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roller block

This is a discussion on roller block within the Performance forums, part of the General Discussion category; this might be a dumb question but what is a roller block? does this apply to the camshaft or what? ...

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    roller block


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    this might be a dumb question but what is a roller block? does this apply to the camshaft or what? if it is the camshaft whats the difference between a regular cam vs. a roller one? sorry just tryin to learn all i can. thanks

  2. #2
    Registered User fastfew's Avatar
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    Re: roller block

    a roller block is usually 96 and up block with a roller cam and lifters ...

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    Re: roller block

    87+ camaro/firebird/Vette 305 and 350's and 265 L99's and 1996+ truck engines are all rolelr cammed engines.

    TBI truck engines are hit and miss, Ive seen them rolelr and non roller.

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    Re: roller block

    its easy to tell the difference in the cams, a flat tappet has skinny more pointed lobes and a roller has wider more rounded tips of the lobes, for the roller in the lifter to transition around the tip and back down the other side of the cam.. you can buy what they call a "retro-fit" hydraulic roller cam to fit in place of a factory flat tappet cam, thats what i did for the 383 i'm building.. hope this helps!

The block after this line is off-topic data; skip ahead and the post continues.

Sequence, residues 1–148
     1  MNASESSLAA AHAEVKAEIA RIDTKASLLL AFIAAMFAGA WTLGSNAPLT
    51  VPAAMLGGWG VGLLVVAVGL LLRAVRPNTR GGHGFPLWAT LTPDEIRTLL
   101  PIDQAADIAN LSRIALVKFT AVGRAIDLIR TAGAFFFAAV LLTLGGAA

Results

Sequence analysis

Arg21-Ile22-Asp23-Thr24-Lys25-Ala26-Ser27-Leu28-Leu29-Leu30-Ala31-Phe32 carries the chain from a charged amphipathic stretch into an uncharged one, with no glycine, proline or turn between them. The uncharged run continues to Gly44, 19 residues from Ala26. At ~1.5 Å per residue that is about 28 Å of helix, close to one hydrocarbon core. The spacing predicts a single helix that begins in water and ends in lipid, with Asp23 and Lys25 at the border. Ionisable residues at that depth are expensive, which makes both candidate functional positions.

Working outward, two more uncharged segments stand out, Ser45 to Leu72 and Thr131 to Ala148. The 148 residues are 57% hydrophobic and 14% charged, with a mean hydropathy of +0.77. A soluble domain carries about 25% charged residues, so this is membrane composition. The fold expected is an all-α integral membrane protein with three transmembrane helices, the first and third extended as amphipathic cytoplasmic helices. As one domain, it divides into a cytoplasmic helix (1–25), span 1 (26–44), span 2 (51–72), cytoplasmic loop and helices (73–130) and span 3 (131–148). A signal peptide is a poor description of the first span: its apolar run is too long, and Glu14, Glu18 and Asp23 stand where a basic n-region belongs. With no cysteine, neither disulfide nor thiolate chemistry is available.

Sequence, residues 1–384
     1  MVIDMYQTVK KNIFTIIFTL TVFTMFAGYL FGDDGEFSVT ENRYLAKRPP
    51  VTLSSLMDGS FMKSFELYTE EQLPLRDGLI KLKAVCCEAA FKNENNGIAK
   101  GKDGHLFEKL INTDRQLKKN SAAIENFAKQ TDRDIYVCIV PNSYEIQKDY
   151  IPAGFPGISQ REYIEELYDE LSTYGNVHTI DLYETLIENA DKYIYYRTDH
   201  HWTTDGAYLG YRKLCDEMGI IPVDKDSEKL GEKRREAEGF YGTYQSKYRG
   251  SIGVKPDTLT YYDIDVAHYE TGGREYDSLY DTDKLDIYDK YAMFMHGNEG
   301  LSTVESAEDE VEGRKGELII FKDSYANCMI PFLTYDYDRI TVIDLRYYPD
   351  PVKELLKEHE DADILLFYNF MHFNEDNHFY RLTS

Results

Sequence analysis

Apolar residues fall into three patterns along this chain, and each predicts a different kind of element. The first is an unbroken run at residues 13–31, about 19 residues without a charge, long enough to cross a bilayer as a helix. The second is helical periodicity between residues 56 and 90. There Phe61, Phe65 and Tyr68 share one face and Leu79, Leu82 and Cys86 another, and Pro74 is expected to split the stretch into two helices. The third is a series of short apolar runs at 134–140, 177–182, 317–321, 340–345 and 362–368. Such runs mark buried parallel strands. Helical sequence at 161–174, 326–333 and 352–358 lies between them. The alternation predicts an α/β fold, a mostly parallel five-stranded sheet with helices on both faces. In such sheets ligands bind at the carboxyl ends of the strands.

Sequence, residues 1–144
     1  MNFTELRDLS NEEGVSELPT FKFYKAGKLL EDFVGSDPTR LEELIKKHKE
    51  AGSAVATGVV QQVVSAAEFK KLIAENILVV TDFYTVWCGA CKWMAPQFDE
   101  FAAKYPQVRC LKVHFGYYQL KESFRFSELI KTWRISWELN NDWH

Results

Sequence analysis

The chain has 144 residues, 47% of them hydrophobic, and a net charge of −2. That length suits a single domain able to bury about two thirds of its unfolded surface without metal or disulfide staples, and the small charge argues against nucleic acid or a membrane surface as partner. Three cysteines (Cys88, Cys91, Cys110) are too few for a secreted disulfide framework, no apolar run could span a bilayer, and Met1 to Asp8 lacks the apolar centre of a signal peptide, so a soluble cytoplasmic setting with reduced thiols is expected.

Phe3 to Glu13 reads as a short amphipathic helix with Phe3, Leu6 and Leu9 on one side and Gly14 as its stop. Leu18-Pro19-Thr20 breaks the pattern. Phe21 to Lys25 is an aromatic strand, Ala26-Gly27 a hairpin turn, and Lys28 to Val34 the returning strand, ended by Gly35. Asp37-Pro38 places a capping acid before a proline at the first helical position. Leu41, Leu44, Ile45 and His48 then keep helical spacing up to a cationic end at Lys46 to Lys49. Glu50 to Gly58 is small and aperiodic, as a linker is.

Last edited by 91fullsize; 12-26-2009 at 05:10 PM.

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    Cars & Guitars 04SilveradoMykk's Avatar
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    Re: roller block

    A roller block simply means the block has two qualitys.

    The top of the block, in the lifter valley, has 3 pedestols that are drilled & tapped. The lifter retainer cage bolts down to the block here:





    And the front of the block, where the camshaft is, is also drilled & tapped to accept a camshaft retaining plate.



    When someone says they did a roller cam retrofit, it means they use a roller camshaft, a special kind of lifter with link bars:


    And a "Cam Button" that sits in front of the camshaft between the cam & timing cover to prevent the cam from walking forward.




    The difference between "Flat Tappet" and "Roller" cams is referring to the lifter style. A flat tappet is literally flat, as the name implies. It makes direct contact to the cam and slides on the cam lobe. The roller cam lifter, has a small wheel on the end that makes contact with the cam and rolls over the cam lobe. They are not interchangeable.



    There are several manufacturing differences, the benefit to the roller cam, aside from reduced friction, drag & heat is that roller cams can have more radical lobe profiles compared to flat tappet cams. Flat tappet cams have the lobes ground at an angle pointing towards the front of the block. As the cam spins and pushes up & down on the lifters the downward force on the cam from the pressure of the rest of the valvetrain is pushing the cam towards the back of the block and preventing cam walk.